'Tis the season of hair complaints. Wavy hair turns curly, curly hair curls tighter, and straight hair does strange things. Many women hate their hair about now and rate it as a major curse of summer, along with sweat stains, shiny noses and sleepless nights.
Some hide their hair under scarves tied with fancy knots, though that must make them terribly hot, since it prevents body heat from escaping through the scalp.
Others slather on anti-frizz gels and conditioners, which work only as long as the wearer stays in an air-conditioned environment.
My hair is highly responsive to humidity, and I used to think that its unruliness was as good an indication of the level of water vapor in the air as the hygrometer that hangs on our kitchen wall, and which, as I write, reads 48% humidity (and 82F).
It turns out that human hair can function as a hygrometer, and you can learn why this is so and how to make a hygrometer of your very own here: http://www.ehow.com/how-does_4678953_hair-hygrometer-work.html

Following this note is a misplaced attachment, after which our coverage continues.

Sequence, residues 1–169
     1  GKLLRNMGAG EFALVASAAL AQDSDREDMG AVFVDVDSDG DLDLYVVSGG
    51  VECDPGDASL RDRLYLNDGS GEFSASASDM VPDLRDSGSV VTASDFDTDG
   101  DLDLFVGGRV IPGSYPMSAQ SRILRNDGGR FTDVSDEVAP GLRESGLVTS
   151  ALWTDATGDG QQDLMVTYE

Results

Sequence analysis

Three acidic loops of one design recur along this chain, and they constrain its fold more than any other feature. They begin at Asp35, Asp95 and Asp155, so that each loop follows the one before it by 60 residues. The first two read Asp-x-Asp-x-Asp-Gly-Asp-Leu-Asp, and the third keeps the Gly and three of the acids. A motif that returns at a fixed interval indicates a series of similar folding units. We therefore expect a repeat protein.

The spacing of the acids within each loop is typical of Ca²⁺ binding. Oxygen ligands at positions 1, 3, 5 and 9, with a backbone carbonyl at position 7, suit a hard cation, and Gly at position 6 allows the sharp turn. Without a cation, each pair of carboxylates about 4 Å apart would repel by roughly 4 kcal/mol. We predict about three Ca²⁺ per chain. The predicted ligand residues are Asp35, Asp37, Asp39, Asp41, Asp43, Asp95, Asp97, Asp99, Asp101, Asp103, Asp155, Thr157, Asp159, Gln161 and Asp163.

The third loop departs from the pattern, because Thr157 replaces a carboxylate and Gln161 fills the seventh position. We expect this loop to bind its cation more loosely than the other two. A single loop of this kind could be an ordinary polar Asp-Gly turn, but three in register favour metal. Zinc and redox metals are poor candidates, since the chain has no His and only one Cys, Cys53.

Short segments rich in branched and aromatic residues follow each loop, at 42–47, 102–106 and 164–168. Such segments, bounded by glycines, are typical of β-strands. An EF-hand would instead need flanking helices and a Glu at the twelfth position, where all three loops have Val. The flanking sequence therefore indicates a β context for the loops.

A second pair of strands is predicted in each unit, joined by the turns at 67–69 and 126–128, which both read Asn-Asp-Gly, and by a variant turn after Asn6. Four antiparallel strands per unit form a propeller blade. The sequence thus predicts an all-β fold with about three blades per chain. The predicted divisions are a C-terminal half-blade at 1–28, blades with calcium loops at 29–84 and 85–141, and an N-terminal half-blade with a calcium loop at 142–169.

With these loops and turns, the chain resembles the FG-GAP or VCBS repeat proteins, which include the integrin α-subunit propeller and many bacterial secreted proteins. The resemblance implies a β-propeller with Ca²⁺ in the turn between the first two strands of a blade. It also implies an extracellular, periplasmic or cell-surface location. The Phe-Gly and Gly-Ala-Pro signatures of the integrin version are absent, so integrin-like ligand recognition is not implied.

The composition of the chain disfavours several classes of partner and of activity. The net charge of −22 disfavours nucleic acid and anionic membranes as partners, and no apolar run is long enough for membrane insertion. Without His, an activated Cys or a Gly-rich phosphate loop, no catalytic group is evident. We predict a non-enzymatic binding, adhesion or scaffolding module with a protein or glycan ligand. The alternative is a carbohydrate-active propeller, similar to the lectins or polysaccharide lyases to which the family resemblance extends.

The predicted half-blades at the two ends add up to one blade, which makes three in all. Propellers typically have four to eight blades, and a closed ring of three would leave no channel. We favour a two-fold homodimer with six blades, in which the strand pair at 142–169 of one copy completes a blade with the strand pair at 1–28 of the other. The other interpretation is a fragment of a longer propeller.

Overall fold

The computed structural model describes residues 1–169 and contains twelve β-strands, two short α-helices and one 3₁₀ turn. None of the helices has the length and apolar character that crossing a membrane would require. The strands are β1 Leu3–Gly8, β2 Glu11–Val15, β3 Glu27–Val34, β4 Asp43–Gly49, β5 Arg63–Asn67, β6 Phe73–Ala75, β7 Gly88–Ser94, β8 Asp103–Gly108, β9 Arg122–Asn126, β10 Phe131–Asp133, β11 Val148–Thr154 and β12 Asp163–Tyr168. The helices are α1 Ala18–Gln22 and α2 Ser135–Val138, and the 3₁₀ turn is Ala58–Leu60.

In my attempts to deal with summer hair, I have gone the products route, which works for me only if I apply so much that my hair looks as if it has been weighted down with lard. I haven't tried the headscarf solution because the very thought of it makes me break into (an even worse) sweat.
My proposed solution is to declare a moratorium on summer hair. After all, who says that frizzy hair is bad? Why should all women, regardless of their genetic endowment, go around with Asian-straight hair in all weathers? Frizzy, rebellious hair looks exuberant, energetic and alive, like the tendrils of the bittersweet vine. It's time to let go of media-induced prejudices and wear our wayward waves and out-of-control curls with pride.
Our crazy summer hair is physical evidence of our inescapable link to Nature. The plant world glories in humidity, absorbs it, expands, and luxuriates in it. That's what our hair wants to do, too, and I think we should let it.